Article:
80’s movie geeks had it the worst

One of the most enjoyable facets of “Geek” culture is its welcoming, all-inclusive, anything goes mentality. The more passionate you are about your preferred mythos, the better. I was watching the Morgan Spurlock (along with Joss Whedon and Stan Lee) documentary on the cultural phenomenon that is Comic-Con. (Trailer here) It reminded me of Henry Jenkins’ book (who also is interviewed in the film) on transmedia and the increasing power/influence/production capacity of fans, Convergence Culture. Here is the review of it I wrote for class.

In Convergence Culture Henry Jenkins attempts to “describe some of the ways that convergence thinking is reshaping American popular culture, and, in particular, the ways it is impacting the relationship between media audiences, produces, and content” (12). Convergence is the flow of media content across multiple media platforms and the increasingly cooperative and dynamic producers and consumers of that content. Convergence is a somewhat chaotic journey, not a fixed destination. Jenkins refutes the “black box fallacy” that all media is destined to someday be streamed into our homes through a single device. Media companies are learning that convergence is inevitable and are gradually learning to adopt their content and platforms to account for their collective, empowered, active audience. Convergence is radically altering the dynamic relationships between media producer, content, and audience.
Jenkins begins with a discussion on the prototype reality TV show Survivoras an example of how the collective intelligence of online fans can be leveraged in their struggle to wrest information from the producers of the show. The questionable spoiling activity of “ChillOne”, who provided end-of-season secrets to online Survivor fan communicates, raises questions of what members of a collective intelligence (Jenkins draws heavily from Pierre Levy) can reasonably expect to know, share with others, or expect from producers of a show. Fans are typically grouped in a community on a volunteer, goal-oriented, finite basis. The show American Idol is the most profitable reality show of all time and is largely shaped by corporate, financial, and marketing concerns. Jenkins describes this changing landscape as “affective economics”. It has both positive and negative implications: “allowing advertisers to tap the power of collective intelligence and direct it toward their own ends, but at the same time allowing consumers to form their own kind of collective bargaining structure that they can use to challenge corporate decisions” (63). Idol convinces fans that they have a say in the outcome of the show and thereby cement their loyalty and recognition of advertisers. The series is designed to garner multiple levels of audience engagement from channel-surfing “zappers” to diehard “loyals” and fans in-between. When there is a perceived discrepancy (as in a voting scandal) the advertisers’ brand may suffer, so their interest is in maintaining consistently pleasant emotions in the audience.
The Wachowski brothers’ The Matrix film ushered in a new era of transmedia storytelling: the communication of a cultural phenomenon through multiple platforms. “The Matrix”  is entertainment for the age of media convergence, integrating multiple texts to create a narrative so large that it cannot be contained within a single medium” (95). It was not just a single movie, but a film trilogy, series of video games, an online presence, a comic book, and more. Transmedia storytelling requires the creation not only of a single believable narrative but a believable world—one that embraces multiple interpretations, overlapping mysteries, and where one text might shed light on another and thus enlighten fans. “Fans are the most active segment of the media audience, one that refuses to simpy accept that they are given, but rather insists on the right to become full participants” (131). No cultural text has generated more fan activity than the Star Warsfranchise. Hundreds of thousands of fans have created just as many hours of fan fiction (both written and film), re-edited films frame-by-frame to remove unwelcome characters, and in general been a blessing and a headache for Lucasfilm, the owners of the Star Wars rights. There are contraditions and multiple perspectives to be considered  at the succession from one media paradigm to the next. “None of us really knows how to live in this era of media convergence, collective intelligence, and participatory culture” (170). When a 13 year old girl creates a fictional newspaper for the world of Harry Potter, the problem of transmedia storytelling becomes cross-generational in addition to crossing (and further blurring) the boundaries of creator/fan, owner/borrower, etc. Everyone from religions communities to political parties are wrestling with how to adopt, reject, or survive the shifting landscape.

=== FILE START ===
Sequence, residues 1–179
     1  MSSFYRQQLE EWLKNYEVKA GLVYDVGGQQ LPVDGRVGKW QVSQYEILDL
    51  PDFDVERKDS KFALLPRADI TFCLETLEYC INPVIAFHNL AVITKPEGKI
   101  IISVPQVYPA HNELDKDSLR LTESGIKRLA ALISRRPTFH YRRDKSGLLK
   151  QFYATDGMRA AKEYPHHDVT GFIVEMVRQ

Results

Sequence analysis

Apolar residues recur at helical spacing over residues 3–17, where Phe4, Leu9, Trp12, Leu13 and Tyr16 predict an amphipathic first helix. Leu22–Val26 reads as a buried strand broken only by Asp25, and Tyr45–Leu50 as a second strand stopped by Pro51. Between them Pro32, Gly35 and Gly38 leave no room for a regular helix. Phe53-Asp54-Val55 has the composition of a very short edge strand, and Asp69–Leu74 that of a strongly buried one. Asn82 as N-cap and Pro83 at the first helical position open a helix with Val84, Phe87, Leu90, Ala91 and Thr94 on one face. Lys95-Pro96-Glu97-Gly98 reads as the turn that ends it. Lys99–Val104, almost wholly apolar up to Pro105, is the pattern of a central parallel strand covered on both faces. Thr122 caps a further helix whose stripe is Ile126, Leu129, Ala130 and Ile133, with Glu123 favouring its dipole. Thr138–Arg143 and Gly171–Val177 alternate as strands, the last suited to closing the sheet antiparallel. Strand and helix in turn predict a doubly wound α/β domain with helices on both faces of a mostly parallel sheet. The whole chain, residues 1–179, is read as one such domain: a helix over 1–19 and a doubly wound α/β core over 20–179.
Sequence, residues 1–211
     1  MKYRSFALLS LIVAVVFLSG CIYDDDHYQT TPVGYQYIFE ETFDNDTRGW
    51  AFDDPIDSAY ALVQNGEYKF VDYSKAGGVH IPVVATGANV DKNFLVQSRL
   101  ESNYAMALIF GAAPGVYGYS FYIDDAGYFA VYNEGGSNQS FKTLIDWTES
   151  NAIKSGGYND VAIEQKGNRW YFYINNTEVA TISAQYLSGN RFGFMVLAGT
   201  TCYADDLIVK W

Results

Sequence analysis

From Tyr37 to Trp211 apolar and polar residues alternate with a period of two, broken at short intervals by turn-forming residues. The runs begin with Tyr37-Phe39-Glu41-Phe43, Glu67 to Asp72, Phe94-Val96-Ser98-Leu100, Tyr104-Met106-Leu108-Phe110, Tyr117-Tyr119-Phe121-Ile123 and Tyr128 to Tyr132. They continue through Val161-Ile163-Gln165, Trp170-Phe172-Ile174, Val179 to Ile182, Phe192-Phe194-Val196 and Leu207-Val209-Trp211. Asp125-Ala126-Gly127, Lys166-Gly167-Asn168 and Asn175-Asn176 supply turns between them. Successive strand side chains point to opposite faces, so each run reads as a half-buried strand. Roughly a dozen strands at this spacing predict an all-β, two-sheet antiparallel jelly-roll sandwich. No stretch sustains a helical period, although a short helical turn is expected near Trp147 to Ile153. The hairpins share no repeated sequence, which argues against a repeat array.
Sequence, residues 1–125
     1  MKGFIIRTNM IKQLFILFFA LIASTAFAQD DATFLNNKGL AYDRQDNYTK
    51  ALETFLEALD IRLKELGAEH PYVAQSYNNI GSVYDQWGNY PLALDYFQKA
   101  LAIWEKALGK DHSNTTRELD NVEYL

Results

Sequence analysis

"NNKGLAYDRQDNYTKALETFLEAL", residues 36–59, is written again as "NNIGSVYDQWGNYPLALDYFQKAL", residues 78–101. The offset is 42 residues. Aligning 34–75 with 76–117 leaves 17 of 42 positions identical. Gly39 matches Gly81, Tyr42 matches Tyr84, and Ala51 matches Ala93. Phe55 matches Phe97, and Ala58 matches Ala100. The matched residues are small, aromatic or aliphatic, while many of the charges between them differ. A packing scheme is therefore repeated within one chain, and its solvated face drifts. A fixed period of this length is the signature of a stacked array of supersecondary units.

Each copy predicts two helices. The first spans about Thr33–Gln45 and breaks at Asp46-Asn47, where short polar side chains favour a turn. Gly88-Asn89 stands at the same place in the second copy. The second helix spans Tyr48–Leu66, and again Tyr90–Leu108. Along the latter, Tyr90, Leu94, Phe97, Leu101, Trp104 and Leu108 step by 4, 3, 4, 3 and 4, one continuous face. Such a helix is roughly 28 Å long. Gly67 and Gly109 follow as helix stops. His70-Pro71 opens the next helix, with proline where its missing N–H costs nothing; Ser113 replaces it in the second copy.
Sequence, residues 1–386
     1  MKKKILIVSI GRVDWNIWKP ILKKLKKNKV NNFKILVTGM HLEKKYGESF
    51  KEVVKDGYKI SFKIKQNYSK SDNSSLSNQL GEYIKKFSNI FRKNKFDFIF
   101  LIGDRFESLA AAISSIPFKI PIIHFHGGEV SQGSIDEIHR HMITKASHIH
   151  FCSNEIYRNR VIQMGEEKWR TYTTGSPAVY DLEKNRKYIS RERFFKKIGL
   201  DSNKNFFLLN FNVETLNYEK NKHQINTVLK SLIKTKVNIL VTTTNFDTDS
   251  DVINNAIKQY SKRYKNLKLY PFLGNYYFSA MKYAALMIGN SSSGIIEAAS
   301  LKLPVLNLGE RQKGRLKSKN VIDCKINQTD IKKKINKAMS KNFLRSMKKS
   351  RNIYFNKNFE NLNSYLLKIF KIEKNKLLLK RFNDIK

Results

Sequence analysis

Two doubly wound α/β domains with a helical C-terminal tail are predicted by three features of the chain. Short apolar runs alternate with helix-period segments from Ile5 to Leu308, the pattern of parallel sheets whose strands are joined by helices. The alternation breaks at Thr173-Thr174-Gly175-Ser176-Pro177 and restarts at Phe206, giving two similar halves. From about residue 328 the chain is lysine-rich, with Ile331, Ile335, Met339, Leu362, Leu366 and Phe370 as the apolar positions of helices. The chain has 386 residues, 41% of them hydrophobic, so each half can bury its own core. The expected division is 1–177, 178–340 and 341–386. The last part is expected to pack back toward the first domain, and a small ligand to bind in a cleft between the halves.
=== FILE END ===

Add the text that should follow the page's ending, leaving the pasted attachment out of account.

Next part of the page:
The 2004 presidential campaign was the first in which parties seriously attempted to incorporate and communicate messages across various media systems and bring bloggers into their service. Voter awareness and participation were encouraged by web-sites, sardonic TV shows, controversies, and voters themselves. Jenkins advocates a kind of critical mediated utopianism and pushes back against those who are purely critical or pessimistic of evolving transmedia practices and convergence culture as a whole. Convergence culture is enabling new forms and venues for participation and collaboration, and this turns the traditional one-way flow of power (from producers to consumers) into multi-directional avenues of control, creativity, and opportunity. The future is taking shape now.